Nine people were arrested in Tel Aviv’s Ben Gurion Airport yesterday following an incident that terrorized passengers on a plane taxiing before takeoff. As an AndoluJet flight was readying to fly to Istanbul, photos of airline crashes inexplicably popped up on some passengers’ iPhones via the AirDrop file-sharing feature.
The terrified passengers — one woman fainted, another had a panic attack — alerted the crew and the plane returned to the gate, Reuters reports. Authorities conducted a security check of passengers and luggage, and the flight eventually took off hours late.
But not before police removed and arrested nine passengers, who could be prosecuted for disseminating false information, which carries a maximum three-year prison term in Israel. The motivation for the stunt is unknown, but a spokesman for the Israel Airports Authority told Reuters that incident on the AndoluJet flight was not a cyberattack over the Internet.
In a similar incident last summer, a United Airlines plane was evacuated at San Francisco International Airport after several passengers received an unsolicited photo of a gun on their iPhones via AirDrop. The culprit was a teenage passenger who had spread an image of an Airsoft gun, a replica firearm that shoots nonlethal, plastic pellets.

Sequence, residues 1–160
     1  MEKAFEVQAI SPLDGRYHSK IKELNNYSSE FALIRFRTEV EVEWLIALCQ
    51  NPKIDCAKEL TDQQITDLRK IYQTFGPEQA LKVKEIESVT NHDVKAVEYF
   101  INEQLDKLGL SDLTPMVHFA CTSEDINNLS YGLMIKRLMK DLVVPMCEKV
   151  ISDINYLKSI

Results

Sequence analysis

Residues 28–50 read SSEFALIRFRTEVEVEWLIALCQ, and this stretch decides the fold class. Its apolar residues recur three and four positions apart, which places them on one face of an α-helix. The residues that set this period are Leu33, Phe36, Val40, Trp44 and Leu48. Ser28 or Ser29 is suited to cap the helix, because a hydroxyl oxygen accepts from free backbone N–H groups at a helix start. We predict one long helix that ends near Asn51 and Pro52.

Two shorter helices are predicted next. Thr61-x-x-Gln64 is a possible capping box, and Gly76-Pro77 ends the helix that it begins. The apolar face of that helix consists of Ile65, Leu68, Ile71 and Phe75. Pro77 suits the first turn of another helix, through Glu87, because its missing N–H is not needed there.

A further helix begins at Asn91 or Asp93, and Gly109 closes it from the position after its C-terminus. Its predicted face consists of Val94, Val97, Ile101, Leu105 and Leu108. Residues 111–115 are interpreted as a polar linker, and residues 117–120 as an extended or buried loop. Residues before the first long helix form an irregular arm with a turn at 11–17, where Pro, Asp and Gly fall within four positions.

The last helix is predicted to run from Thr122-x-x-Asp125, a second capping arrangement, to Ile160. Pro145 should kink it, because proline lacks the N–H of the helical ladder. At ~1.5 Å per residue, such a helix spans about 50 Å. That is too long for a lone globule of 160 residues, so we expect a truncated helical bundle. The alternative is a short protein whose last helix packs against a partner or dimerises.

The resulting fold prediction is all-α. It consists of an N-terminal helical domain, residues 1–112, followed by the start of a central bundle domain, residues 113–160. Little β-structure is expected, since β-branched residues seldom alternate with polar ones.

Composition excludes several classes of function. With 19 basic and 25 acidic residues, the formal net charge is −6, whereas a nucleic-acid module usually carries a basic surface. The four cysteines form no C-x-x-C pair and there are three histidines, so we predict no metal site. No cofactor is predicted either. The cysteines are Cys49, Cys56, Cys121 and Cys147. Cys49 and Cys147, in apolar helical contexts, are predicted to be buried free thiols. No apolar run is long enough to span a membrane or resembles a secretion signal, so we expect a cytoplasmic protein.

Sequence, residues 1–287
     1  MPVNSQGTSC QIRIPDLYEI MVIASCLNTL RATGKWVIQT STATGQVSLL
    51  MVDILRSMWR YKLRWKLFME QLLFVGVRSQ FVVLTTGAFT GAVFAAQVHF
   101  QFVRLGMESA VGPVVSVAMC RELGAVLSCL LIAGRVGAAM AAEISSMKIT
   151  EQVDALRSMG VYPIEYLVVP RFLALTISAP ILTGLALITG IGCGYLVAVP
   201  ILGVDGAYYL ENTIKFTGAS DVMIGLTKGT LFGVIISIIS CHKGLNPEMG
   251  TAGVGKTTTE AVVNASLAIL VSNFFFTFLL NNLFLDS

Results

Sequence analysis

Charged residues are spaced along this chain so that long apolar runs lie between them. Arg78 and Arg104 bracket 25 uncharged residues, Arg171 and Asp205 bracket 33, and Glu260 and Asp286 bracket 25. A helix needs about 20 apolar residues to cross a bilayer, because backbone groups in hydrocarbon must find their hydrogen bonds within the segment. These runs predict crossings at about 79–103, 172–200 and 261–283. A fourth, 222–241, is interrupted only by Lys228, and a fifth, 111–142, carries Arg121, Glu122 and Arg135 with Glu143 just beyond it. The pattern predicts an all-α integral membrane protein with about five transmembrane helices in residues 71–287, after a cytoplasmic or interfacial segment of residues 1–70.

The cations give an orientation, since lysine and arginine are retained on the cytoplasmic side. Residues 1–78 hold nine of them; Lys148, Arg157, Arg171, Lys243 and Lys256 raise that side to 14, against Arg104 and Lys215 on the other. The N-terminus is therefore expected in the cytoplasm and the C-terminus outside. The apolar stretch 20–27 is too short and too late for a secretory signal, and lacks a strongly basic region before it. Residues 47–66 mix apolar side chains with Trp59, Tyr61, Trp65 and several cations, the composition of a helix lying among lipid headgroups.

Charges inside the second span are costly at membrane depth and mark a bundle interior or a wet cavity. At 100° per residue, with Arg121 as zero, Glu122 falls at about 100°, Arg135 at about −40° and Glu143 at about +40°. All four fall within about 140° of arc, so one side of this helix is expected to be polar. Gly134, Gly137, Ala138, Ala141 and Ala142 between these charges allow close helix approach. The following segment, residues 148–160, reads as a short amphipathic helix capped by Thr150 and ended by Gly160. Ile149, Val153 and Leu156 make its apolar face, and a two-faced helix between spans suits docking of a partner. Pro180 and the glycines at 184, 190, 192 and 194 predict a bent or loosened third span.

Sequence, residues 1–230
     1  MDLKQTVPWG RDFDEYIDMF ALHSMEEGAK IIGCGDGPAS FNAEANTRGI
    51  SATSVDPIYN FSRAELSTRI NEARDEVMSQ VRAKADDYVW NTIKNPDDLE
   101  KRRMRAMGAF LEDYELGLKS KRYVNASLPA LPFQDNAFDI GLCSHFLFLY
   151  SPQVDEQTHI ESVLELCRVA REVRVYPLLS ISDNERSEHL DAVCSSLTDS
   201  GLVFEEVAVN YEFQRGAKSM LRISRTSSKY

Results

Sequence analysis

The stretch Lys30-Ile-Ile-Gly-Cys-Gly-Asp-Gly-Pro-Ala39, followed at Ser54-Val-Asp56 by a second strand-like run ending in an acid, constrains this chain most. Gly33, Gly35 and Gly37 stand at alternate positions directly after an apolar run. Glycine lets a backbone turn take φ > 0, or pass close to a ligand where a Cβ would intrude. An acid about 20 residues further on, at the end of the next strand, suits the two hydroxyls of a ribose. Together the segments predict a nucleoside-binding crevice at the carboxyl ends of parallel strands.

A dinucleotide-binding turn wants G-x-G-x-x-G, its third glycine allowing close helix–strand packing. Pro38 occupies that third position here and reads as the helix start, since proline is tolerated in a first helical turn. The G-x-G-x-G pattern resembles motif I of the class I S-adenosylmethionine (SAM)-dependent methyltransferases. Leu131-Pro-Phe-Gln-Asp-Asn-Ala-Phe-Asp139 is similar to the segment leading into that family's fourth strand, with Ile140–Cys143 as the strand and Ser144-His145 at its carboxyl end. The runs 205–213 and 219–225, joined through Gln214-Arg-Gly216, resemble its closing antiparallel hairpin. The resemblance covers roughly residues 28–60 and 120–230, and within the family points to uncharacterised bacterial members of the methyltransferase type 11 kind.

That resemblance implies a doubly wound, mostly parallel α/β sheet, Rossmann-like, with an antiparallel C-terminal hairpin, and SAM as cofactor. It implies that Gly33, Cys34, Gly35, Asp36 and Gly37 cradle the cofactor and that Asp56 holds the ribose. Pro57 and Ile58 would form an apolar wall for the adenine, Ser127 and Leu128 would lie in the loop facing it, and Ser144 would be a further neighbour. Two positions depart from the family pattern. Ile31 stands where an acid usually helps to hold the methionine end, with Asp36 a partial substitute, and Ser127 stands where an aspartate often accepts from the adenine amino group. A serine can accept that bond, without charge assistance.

Since its introduction in 2011, AirDrop has allowed iPhone users to send photos, videos, and more using a combination of Bluetooth and Wi-Fi. Apple devices can send unsolicited files to strangers located up to 30 feet away if their phones’ AirDrop feature is set to receive files from “Everyone.”
Most iPhone users who use AirDrop choose to share files with individuals on their contact lists, and there are some practical, legitimate reasons for mass-sharing files using AirDrop. For example, a speaker at a trade show might use AirDrop to distribute a PDF to a large group of attendees who are not contacts. Or a business owner may use AirDrop to share a file to everyone in an employee meeting.
But AirDrop has another legacy; teens have engaged in mass image sharing via AirDrop for years, often to prank unknowing individuals nearby.
Apple device users can control who can send them files via AirDrop by adjusting the feature’s receiving setting. On your iPhone or iPad, go to Settings, tap General, then AirDrop. Choose one of three options: Receiving Off, Contacts Only, or Everyone.
Alternatively, you can open the Control Center by either swiping down from the upper-right corner of the screen or swiping up from the bottom of the screen, depending on the version of your device. Next, touch and hold the network settings card in the upper-left corner of the screen until you can view your AirDrop setting.
Yesterday’s incident in Israel was the second time this year that AirDrop has caused mayhem at an airport. In March, an Alaska Airlines flight was delayed at Orlando International Airport by over an hour after a 10-year-old prankster AirDropped a threat. Passengers onboard said police armed with submachine guns surrounded the plane and eventually determined that the threat was not real.